Use by population: As reported in the CHAI brief, the proportion of anti-malarials purchased for children under 5 which were ACTs in both the public and private sectors rose substantially in three AMFm countries – Madagascar (37 percentage points), Nigeria (16 percentage points), and Uganda (42 percentage points) – during the implementation period (plus or minus) for the AMFm subsidy (though the underlying data has not yet been made public). CHAI’s survey results also showed increased ACT among children in the lowest wealth quintile (i.e. the poorest children), and those in rural areas. The CHAI brief supplements the formal AMFm evaluation, for which the main outcomes were facility-level availability and price of ACTs, in both the private and public sector (see the full evaluation here and the newly published Lancet paper here). But even with only facility-level information, it seems highly improbable that private facilities and shops were fully stocked, only to sell them to ghost patients or to throw them away.
Indeed, the design of AMFm was predicated, in part, on evidence indicating that 50% or more of fevers in sub-Saharan Africa are treated through the private sector, where anti-malarials have de facto, if not always de jure, over-the-counter status. The CHAI findings are consistent with the logic that poor patients tend to seek care more frequently in the private sector than less poor patients. We are unaware of evidence on the extent of anti-malarial use in the public sector being more pro-rich or pro-poor than the private sector (see some indirect but related evidence here and here). A simple exercise would be to count the number of public and private providers in a country by urban and rural areas; one would likely find that public health-care providers and facilities, more than private providers, are disproportionately located in urban and wealthier areas.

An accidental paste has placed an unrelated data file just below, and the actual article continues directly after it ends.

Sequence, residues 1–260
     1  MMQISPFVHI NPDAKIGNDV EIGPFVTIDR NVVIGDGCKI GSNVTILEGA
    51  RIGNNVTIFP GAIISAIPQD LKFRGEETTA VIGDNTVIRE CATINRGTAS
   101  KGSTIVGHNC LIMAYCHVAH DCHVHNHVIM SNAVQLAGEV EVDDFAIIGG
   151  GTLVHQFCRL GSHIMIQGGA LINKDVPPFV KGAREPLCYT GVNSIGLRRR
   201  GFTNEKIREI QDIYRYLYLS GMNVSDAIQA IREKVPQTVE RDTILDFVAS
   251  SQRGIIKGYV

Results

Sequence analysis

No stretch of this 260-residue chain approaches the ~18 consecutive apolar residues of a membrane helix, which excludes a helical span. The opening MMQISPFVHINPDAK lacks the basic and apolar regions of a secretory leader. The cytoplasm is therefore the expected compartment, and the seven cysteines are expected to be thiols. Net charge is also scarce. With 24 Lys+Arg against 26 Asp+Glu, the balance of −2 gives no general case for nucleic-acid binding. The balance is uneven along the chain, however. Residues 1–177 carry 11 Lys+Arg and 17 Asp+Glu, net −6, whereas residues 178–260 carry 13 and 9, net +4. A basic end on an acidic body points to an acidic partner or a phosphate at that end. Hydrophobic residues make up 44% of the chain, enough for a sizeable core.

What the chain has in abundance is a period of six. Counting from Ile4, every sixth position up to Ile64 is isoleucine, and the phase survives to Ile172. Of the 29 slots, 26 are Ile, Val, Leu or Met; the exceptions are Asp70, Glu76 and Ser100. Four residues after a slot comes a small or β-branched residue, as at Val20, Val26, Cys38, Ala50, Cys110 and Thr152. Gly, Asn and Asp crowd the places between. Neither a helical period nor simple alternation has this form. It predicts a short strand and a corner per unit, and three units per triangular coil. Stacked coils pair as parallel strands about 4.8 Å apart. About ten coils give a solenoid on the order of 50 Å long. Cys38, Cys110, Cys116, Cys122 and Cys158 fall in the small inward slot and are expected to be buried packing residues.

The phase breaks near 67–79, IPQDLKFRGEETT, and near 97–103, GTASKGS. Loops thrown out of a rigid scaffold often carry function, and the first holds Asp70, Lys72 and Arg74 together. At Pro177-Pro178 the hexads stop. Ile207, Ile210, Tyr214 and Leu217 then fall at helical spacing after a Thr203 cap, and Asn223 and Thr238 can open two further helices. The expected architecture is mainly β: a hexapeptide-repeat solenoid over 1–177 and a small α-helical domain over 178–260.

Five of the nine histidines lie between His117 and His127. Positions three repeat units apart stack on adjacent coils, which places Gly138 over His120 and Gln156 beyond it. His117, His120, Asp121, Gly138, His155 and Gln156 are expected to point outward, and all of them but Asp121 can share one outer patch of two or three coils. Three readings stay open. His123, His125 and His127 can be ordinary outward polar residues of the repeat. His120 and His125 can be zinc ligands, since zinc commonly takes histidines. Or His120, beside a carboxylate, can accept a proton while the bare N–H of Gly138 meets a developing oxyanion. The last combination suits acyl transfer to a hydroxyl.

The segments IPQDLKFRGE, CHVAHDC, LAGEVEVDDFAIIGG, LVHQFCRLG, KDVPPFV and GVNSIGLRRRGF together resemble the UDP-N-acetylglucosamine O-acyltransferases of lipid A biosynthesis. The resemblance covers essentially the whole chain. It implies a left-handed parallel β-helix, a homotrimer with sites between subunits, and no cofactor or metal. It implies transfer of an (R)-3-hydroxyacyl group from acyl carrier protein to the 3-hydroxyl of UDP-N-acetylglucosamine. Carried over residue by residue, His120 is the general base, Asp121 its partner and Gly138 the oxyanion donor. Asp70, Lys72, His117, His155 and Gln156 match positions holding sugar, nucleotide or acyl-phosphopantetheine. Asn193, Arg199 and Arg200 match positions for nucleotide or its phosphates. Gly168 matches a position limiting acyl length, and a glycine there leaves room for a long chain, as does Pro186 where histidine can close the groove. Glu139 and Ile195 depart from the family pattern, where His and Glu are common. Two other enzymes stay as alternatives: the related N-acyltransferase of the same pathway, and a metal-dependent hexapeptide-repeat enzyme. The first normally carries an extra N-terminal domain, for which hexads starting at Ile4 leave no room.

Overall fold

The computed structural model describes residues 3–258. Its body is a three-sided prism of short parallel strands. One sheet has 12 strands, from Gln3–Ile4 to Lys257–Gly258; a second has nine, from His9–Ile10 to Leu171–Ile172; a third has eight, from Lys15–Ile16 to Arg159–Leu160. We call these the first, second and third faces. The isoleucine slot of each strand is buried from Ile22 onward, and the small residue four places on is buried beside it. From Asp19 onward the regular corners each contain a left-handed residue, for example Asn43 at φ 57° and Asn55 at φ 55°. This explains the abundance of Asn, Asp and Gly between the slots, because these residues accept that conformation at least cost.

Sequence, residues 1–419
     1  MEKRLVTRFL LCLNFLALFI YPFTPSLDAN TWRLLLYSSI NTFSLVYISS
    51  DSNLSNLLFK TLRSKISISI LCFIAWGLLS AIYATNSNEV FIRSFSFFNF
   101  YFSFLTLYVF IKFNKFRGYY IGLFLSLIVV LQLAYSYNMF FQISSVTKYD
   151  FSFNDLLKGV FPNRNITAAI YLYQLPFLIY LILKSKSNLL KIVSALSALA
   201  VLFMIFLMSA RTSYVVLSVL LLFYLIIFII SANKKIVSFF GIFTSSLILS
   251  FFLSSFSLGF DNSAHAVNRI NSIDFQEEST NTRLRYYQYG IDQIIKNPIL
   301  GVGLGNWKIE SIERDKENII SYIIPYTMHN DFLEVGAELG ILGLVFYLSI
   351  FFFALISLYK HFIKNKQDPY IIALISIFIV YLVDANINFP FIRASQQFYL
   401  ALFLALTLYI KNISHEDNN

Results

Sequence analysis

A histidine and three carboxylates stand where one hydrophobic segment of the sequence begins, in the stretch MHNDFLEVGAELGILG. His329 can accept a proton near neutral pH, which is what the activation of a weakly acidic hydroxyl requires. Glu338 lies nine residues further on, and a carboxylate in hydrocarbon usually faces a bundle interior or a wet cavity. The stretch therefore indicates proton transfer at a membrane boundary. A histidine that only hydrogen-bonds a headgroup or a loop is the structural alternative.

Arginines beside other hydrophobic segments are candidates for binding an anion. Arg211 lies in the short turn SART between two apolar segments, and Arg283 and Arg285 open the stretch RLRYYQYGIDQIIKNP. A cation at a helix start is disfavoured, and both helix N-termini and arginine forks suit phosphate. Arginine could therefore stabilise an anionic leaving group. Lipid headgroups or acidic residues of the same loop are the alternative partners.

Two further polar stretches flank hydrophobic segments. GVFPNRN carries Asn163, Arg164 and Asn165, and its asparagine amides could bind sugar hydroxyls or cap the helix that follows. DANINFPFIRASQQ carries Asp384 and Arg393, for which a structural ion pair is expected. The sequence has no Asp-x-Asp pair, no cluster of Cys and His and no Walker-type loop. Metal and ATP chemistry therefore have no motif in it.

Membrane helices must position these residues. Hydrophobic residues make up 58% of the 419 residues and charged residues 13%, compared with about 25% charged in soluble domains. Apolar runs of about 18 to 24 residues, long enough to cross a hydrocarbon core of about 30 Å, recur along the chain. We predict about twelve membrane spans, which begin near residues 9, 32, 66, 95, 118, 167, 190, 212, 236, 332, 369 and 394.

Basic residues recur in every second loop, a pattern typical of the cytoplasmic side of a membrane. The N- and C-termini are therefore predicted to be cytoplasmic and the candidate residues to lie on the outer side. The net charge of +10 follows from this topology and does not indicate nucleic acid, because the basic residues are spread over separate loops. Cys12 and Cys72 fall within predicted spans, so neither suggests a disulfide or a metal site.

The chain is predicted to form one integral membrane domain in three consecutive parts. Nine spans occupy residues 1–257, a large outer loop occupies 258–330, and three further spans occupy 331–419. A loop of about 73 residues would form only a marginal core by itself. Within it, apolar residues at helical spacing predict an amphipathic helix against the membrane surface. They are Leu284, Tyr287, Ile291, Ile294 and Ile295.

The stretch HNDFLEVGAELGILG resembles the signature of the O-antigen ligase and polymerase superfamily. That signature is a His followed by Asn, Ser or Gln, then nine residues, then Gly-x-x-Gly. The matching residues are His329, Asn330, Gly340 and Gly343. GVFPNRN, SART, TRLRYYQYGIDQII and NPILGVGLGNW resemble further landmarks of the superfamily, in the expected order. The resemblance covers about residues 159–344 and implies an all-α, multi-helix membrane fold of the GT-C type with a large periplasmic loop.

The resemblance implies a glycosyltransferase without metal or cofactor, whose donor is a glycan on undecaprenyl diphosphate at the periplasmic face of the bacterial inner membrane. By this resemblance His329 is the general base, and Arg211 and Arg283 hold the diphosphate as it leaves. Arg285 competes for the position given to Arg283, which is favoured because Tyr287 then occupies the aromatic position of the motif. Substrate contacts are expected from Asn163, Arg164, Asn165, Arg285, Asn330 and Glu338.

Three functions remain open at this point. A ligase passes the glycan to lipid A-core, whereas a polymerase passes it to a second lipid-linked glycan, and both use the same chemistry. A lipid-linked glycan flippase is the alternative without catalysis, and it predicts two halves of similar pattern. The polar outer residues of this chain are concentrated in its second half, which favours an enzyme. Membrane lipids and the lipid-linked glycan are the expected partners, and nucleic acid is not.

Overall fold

Use as need: Because many fevers are treated presumptively rather than by diagnostic test, the extent of over-treatment of patients presenting with fever is not well known. The Oxfam report makes a broad comparison of some 32 million cases of malaria vis-à-vis some 156 million doses of ACTs, which may suggest over-use, although we are unable to confirm how these numbers were calculated and whether the figure on courses refers to adults, children, or something else.
A brand new Science paper published on Friday by CHAI authors suggests that:
- Appropriate use is heterogeneous geographically; the likelihood of a fever being malaria differs widely across space, time-of-year, and age of patient. This problem will remain so long as there are weak or non-existent incentives to use and follow proper diagnostics.
- Overtreatment is a problem in both the public and private sectors in many countries, and there are always incentives for doctors and pharmacists alike to overprescribe medicines, in hopes that the patient feels better from some combination of an ACT, an antibiotic, a painkiller, a fever-reducer, and a vitamin.
Distinguishing ideology and evidence